Much has been written about the various relationship break-downs that have happened in the Indian retail sector in recent years. The biggest, most recent high profile ones are between Bharti and Wal-Mart and the three-way conflict playing out at McDonald’s. Other visible ones include Aigner, Armani, Jimmy Choo, and Etam, while Woolworth’s faded away more quietly because, rather than being present as a retail brand, it was mainly involved in back-end operations with the Tata Group.
I think it’s important to frame the larger context for these relationship upsets. Most international companies, non-Indian observers as well as many Indian professionals are quick to blame the investment regulations as being too restrictive, and being the main reason for non-viability of participation of international brands in the Indian consumer sector.
However, India with its retail FDI regulations is not the only environment where companies form partnerships, nor is it the only one where partnerships break up. Regulations are only one part of the story, although they may play a very large role in specific instances. In most cases, FDI regulations are like the mother-in-law in a fraying marriage: a quick, convenient scapegoat on which to pin blame.
Many of the reasons for breaking up of partnerships can be found in the reasons for which they were set up the first place. The main thing to keep in mind is that the break-down is inevitably due to the changes that have happened between the conception of the partnership to the time of the split. The changes can fall into the following categories, and in most cases the reasons behind the break are a combination of these:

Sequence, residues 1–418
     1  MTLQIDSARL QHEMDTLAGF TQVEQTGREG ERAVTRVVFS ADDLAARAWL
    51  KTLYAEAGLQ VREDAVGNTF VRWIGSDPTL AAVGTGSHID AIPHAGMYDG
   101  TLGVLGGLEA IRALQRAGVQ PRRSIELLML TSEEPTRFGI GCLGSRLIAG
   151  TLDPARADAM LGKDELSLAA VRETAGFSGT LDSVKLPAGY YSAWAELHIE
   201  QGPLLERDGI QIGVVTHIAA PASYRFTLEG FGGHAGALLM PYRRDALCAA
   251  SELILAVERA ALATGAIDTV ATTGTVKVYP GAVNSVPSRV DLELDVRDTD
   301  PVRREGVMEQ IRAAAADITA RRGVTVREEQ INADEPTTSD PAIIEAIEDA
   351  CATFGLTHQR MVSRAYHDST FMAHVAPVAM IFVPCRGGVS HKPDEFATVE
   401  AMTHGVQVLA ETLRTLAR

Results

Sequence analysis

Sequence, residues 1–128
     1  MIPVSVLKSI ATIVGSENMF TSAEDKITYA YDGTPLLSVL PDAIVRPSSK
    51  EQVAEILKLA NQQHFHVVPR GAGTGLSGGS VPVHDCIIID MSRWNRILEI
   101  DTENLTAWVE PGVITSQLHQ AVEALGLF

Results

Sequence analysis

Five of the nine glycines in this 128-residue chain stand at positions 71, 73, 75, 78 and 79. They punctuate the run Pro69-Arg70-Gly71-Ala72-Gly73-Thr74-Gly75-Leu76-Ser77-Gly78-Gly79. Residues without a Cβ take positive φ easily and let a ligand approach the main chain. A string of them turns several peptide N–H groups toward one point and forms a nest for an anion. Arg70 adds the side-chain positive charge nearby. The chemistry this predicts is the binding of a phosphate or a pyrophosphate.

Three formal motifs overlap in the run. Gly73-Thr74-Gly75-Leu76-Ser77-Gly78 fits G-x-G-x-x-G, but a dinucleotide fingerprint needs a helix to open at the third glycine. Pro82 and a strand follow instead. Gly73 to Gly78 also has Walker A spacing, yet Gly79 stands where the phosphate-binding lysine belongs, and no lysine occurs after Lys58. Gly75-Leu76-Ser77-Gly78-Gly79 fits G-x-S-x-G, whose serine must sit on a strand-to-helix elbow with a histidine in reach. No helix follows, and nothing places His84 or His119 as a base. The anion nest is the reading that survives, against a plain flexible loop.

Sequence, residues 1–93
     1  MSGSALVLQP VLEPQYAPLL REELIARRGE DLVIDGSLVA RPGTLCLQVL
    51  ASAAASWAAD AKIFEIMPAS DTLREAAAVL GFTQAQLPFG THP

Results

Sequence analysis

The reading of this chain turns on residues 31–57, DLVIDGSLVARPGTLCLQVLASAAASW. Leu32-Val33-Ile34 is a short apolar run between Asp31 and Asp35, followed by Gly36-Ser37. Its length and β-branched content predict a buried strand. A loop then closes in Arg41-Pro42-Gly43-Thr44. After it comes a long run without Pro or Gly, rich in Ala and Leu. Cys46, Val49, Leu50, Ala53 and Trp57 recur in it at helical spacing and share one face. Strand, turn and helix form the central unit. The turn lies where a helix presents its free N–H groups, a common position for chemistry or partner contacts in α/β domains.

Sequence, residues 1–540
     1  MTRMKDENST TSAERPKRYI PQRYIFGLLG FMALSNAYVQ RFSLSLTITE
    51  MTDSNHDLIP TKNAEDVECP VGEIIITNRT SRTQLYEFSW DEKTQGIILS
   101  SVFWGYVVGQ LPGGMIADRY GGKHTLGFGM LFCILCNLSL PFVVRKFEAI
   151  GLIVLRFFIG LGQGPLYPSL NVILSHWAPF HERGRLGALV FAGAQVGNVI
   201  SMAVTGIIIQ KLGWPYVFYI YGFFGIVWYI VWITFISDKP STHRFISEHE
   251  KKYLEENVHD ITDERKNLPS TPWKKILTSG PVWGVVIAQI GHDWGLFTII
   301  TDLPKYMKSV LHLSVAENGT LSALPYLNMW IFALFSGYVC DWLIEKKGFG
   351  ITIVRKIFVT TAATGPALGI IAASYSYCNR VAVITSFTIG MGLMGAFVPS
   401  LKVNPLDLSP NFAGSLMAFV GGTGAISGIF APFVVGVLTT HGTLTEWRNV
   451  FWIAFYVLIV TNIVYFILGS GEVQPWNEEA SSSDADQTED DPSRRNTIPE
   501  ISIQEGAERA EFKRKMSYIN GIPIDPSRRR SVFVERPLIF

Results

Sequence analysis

- External factors, including regulations, economic conditions or politics which could fundamentally change the operating environment, close off existing opportunities or open new ones, and raise questions about the logic of the partnership.
- Internal factors, including differences between the partners in terms of overall business strategy, scale expectations, operating methodologies, desire for management control, margin and return expectations, or investment capability.
- Changed perceptions, primarily around the strengths and support that each party expected the other to bring into the relationship, or performance they were supposed to deliver, and finding out that the reality differs from the initial perception on one or both sides.
According to Third Eyesight’s estimates, more than 300 international brands are currently operating in the Indian retail sector across product categories, if we just count those that have branded stores, shop-in-shop or a distinct brand presence in some form, not the ones that merely have availability through agents or distributors.
Of these, about 20 per cent operate alone, while other others work with Indian partners, either in a joint-venture or through a licensing or franchise arrangement. The relationships that have broken up in the last decade are only about 5 per cent of the total brands that have come in, and in many cases the international brand has stayed in the market by finding a new partner.
So there’s life after death, after all. And my advice to those who’re feeling particularly defensive or pessimistic because of a few corporate break-ups: take time for a song break. Fleetwood Mac (“Don’t Stop”, “Go your own way”) or Bob Dylan (“Don’t Think Twice, It’s All Right”) are good choices!